Nvidia, in an effort to respond to the US Government’s export restrictions to China states in their latest 10-K for fiscal 2022: “we are required to transition certain operations out of China (including Hong Kong), which could be costly and time consuming, and adversely affect our research and development and supply and distribution operations, as well as our revenue, during any such transition period.” Nvidia discloses that China accounts for revenue of $5.7 billion out of a total of $26.9 billion in fiscal 2022. There is no disclosure of expenses, income, taxes, assets, or liabilities or indirect exposure in China.

The word, “China” does not seem to show up in Alphabet’s 10-K for fiscal 2022. The word, “China” appears 62 times in Tesla’s fiscal 2022 10-K. Tesla reveals that $18 billion of its $81 billion of revenue comes from China. Tesla’s long-lived assets went up from $2.4 billion in 2021 to $2.9 billion in 2022, which technically means Tesla’s “investment” in China increased during the year although we do not know enough about their Chinese liabilities to comment to true net investment. Tesla reports a subsidy from China to build its factory there and extensive list of what look like sales offices in various Chinese cities. There is no disclosure of income and details of other expenses, other assets, and liabilities in China. All told, should Rep. Banks’ bill require US state pension funds to sell Tesla?

Meta’s latest 10-K lists “China” six times but there is nothing financial that is disclosed. Berkshire’s latest 10-K lists “China” around 15 times but again there is no financial disclosure. Exxon reports that they have a 25% interest in Fujian refining project in China but do not share financial details. Technically, the 25% interest would qualify for “equity method accounting” which does not require detailed disclosure of the investee company. However, if Congress feels that our citizens’ interests do not coincide with our shareholder interests, it might want to mandate disclosure of US companies’ China involvement in their financial statements.

What about Russia?

Note that any Russia related disclosure potentially appears to tell investors about the impact of US government sanctions or the financial cost of withdrawing from Russia. Hence, whatever we find in the latest 10-K arguably overstates Russia related disclosure. On top of that, I suspect the economic materiality of Russia to top US companies I looked at is much smaller than that of China.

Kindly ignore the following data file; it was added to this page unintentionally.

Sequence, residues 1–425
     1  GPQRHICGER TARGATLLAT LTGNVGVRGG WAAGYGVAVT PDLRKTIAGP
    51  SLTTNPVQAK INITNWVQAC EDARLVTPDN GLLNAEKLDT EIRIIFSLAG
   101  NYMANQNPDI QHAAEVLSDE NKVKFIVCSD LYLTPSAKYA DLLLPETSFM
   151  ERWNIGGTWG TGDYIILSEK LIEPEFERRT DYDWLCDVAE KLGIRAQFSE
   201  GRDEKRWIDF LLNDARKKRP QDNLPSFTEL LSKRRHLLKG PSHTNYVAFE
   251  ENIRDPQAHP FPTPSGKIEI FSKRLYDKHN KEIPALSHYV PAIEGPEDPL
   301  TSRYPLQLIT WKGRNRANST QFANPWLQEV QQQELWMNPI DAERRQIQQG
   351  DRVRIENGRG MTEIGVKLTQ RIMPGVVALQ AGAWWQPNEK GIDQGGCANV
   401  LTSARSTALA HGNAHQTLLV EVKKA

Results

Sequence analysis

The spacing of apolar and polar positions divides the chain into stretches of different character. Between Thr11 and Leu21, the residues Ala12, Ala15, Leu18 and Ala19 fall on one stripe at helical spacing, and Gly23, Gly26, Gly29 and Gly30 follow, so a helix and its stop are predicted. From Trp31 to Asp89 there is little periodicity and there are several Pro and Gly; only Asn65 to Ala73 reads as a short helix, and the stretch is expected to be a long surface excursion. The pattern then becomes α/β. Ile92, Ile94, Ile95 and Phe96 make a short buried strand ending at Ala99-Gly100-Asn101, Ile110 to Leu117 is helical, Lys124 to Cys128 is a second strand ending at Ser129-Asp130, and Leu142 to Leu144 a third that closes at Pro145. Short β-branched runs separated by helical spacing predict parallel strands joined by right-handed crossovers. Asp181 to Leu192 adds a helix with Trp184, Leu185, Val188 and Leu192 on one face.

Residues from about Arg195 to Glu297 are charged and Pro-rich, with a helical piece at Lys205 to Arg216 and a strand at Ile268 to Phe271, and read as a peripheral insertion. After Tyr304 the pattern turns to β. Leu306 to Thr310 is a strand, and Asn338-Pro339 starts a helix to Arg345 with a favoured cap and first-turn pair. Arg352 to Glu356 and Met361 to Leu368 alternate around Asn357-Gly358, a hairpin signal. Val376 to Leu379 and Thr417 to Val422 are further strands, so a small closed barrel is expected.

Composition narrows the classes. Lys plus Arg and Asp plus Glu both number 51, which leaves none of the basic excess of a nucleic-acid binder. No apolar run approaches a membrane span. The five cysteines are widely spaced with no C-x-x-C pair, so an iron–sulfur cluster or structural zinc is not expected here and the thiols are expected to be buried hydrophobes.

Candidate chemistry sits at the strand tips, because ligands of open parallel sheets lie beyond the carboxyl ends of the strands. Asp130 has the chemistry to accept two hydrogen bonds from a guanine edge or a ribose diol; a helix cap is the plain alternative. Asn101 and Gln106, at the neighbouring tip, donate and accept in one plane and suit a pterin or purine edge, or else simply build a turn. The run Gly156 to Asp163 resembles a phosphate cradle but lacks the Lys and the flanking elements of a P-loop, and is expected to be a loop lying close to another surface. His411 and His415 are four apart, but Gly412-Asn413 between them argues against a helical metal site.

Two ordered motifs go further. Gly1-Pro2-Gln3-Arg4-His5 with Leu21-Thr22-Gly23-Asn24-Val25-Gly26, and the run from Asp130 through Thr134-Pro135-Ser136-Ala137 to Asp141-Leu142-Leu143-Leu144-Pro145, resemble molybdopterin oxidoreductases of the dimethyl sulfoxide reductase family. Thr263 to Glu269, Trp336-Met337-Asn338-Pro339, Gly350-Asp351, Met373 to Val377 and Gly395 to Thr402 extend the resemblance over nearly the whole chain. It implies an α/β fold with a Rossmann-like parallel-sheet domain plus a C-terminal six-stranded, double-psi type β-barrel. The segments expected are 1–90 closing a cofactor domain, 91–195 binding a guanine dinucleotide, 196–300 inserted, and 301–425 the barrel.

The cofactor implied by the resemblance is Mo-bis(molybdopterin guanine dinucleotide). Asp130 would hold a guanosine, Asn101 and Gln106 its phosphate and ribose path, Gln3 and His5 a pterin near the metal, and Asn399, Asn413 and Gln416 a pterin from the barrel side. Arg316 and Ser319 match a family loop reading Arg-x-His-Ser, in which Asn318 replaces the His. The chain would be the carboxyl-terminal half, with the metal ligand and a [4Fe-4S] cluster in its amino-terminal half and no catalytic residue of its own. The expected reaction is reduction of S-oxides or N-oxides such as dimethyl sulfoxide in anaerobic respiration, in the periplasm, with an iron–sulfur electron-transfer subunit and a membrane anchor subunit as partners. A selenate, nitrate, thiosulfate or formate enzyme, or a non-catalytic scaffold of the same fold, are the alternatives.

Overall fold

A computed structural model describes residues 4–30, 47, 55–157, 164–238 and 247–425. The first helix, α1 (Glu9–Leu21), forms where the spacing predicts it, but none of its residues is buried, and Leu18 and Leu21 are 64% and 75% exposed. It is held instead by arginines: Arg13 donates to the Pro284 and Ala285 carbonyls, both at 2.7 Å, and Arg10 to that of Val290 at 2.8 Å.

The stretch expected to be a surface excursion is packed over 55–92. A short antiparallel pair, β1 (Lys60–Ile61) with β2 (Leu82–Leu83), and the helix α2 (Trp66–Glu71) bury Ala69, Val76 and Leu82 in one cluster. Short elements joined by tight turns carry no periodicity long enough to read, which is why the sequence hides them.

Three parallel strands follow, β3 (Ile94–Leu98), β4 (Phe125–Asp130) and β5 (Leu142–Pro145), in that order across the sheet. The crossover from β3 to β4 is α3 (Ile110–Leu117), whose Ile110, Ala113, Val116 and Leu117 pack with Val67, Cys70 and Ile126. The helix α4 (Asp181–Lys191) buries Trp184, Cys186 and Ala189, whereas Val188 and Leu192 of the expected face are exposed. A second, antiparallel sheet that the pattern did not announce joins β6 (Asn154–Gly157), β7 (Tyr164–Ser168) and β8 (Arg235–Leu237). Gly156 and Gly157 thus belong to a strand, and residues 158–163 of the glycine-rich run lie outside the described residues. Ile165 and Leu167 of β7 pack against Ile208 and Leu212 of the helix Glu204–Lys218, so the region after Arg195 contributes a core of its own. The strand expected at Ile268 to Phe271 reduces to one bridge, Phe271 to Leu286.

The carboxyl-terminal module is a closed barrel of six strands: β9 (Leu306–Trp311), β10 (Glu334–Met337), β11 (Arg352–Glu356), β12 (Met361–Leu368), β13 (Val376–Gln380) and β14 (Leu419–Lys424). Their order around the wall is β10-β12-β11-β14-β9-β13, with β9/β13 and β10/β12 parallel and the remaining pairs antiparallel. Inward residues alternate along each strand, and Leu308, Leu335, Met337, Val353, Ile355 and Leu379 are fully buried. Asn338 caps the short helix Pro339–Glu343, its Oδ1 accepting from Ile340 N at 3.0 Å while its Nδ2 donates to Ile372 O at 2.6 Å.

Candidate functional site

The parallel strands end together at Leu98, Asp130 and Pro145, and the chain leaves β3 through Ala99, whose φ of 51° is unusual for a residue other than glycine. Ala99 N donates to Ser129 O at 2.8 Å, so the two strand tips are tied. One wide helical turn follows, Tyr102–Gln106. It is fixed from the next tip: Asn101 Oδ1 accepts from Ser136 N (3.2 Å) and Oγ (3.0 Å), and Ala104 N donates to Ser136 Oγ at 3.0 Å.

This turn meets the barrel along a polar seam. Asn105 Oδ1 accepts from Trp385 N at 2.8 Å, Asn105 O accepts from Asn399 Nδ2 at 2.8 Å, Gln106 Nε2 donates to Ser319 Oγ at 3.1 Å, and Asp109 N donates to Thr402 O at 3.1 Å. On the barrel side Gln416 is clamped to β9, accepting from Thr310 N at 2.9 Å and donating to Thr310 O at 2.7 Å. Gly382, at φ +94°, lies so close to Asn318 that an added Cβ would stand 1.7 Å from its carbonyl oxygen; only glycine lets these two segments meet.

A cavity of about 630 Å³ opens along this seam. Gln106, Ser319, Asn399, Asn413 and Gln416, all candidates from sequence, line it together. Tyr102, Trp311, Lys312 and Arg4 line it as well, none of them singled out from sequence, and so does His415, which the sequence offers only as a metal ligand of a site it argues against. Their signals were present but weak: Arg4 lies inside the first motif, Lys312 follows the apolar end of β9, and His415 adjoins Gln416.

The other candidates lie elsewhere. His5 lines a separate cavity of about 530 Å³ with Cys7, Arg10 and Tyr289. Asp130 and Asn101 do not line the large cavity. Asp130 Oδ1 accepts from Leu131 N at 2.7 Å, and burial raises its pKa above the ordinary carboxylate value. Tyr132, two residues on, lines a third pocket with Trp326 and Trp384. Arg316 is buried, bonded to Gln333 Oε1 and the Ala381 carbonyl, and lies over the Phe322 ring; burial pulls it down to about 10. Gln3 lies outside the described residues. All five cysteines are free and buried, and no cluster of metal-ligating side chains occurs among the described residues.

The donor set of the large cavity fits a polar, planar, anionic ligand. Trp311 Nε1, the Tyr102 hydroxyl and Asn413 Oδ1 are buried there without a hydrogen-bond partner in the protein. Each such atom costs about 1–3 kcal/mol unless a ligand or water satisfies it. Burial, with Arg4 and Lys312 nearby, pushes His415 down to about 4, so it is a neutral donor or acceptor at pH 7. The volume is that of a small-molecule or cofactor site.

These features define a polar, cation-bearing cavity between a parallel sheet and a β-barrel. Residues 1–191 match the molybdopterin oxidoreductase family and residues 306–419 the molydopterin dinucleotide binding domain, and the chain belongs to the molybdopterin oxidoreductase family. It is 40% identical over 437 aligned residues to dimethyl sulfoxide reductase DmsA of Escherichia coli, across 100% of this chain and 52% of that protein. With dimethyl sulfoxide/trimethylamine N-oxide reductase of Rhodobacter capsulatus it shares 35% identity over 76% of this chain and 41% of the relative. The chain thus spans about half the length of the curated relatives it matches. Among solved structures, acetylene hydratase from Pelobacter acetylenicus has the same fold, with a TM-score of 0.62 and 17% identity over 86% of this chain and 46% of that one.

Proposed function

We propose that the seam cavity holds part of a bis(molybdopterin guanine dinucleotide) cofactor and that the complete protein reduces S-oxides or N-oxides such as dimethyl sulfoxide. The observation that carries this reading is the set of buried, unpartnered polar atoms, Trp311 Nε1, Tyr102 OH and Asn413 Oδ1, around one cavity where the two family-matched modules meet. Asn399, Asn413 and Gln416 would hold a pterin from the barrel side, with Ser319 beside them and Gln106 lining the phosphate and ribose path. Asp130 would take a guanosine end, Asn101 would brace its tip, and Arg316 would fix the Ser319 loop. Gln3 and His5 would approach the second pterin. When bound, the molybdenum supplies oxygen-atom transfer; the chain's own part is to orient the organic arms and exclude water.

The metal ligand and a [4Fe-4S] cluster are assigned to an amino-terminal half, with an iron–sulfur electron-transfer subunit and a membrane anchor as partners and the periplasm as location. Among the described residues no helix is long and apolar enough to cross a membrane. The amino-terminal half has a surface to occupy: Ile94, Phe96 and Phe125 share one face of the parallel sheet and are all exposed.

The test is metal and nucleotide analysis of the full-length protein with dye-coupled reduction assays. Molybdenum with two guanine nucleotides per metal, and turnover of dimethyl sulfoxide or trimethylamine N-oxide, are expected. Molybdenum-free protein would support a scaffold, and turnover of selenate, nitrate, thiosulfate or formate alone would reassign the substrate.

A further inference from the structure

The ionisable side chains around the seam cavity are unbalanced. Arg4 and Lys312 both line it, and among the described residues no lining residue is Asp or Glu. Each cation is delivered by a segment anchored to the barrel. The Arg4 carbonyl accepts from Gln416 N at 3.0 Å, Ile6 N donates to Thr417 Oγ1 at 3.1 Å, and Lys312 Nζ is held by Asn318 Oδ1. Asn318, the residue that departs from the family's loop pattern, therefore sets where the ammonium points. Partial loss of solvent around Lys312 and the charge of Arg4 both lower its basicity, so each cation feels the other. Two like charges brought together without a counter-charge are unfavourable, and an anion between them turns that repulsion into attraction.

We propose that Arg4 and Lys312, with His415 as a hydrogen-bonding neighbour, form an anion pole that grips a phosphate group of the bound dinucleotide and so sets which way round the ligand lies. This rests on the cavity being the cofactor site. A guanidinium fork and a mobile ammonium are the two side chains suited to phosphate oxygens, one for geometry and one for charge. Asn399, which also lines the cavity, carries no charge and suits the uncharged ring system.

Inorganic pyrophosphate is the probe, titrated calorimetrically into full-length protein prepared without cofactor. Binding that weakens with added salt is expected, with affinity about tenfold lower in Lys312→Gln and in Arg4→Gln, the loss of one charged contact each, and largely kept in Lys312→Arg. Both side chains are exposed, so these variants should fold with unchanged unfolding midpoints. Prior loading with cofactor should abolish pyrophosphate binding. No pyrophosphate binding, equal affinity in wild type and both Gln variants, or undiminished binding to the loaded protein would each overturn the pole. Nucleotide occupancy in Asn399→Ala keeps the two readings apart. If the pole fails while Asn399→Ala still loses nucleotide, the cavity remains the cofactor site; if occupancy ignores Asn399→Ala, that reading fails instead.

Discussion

The 10-Ks of Apple, Amazon and Microsoft’s make no mention of Russia. Berkshire talks about the how EXSIF and Marmon, two of its subsidiaries, have exited their Russia business and Marmon took a hit of $900 million to its earnings. A couple of other subsidiaries also reported lower margins due to Russia-Ukraine conflict. The word, “Russia” appears only twice in Tesla’s 10-K and that too in the discussion of macro risks. Nvidia reports that they had to stop selling products to Russia to comply with US Government sanctions, but the actual sales number was not material.

Meta reports lower user engagement as access to Instagram and Facebook was restricted in Russia but does not go into specifics. Alphabet reports that operations ceased in Russia, but the financial impact thereof is not material. Exxon latest 10-K reports a $3.4 billion write down of its Sakhalin project in Russia.

Although the ex-post or after the attack disclosure is not all that great, the more important benchmark for the investor to consider is whether these losses could have been estimated even crudely before the Russian conflict and sanctions began.

What about firms controlled by or based in “adversarial” countries?

Most international investing by pension funds follows well known equity and bond indexes. Consider the international equity index offered by the Indiana Public Retirement System: MSCI ACWI ex US. It turns out that 8.51% of the index invests in Chinese stocks and 1.64% of the index is in Hongkong shares. China is the third largest country in the index following Japan and the U.K. I found four Chinese companies in the top 50 holdings of this index as of June 16, 2023: Tencent Holdings with a market capitalization of $52 billion, Alibaba with a market capitalization of $35.5 billion, AIA group with a market capitalization of $23 billion and Meituan with a market capitalization of $16.3 billion.

I wonder whether the Indiana Public Retirement Systems forced their funds to offload the MSCI ACWI ex US index because it contains Chinese stocks. If yes, why is the fund being offered as an investment option to the state’s workers?

Of course, MSCI markets a version of ACWI ex China. Ironically, the MSCI ACWI ex China index seems to include Hong Kong stocks.

What would excluding China have done to performance? Hindsight is 20/20 and I fully agree this exercise is not predictive of the future but it’s still interesting to look. Ironically, Chinese stocks have done poorly. The gross returns of the MSCI ACWI ex China are 6.12% per annum since December 31, 1998 relative to 6.03% per annum on MSCI ACWI. Of course, the US accounts for a disproportionate 61%-64% of the market value of both these indexes and the investor did not get much by way of diversification. Perhaps it might be time for MSCI to market an ACWI index which is both ex US and ex China.

So, what is the bottom line?

International divestment is harder than it looks in today’s intertwined capital and product markets. Index makers might want to come up with international indexes that exclude both Chinese and Hong Kong stocks.

Congress might also want to ask US firms to produce China segment income statements and balance sheets so that the fund management industry can credibly come up with indexes or portfolios that can implement divestment from adversarial countries, should investors so desire.

In particular, investors interested in assessing the financial impact of the US-China trade war on individual firms will be left scratching their heads given the opacity in today’s disclosures.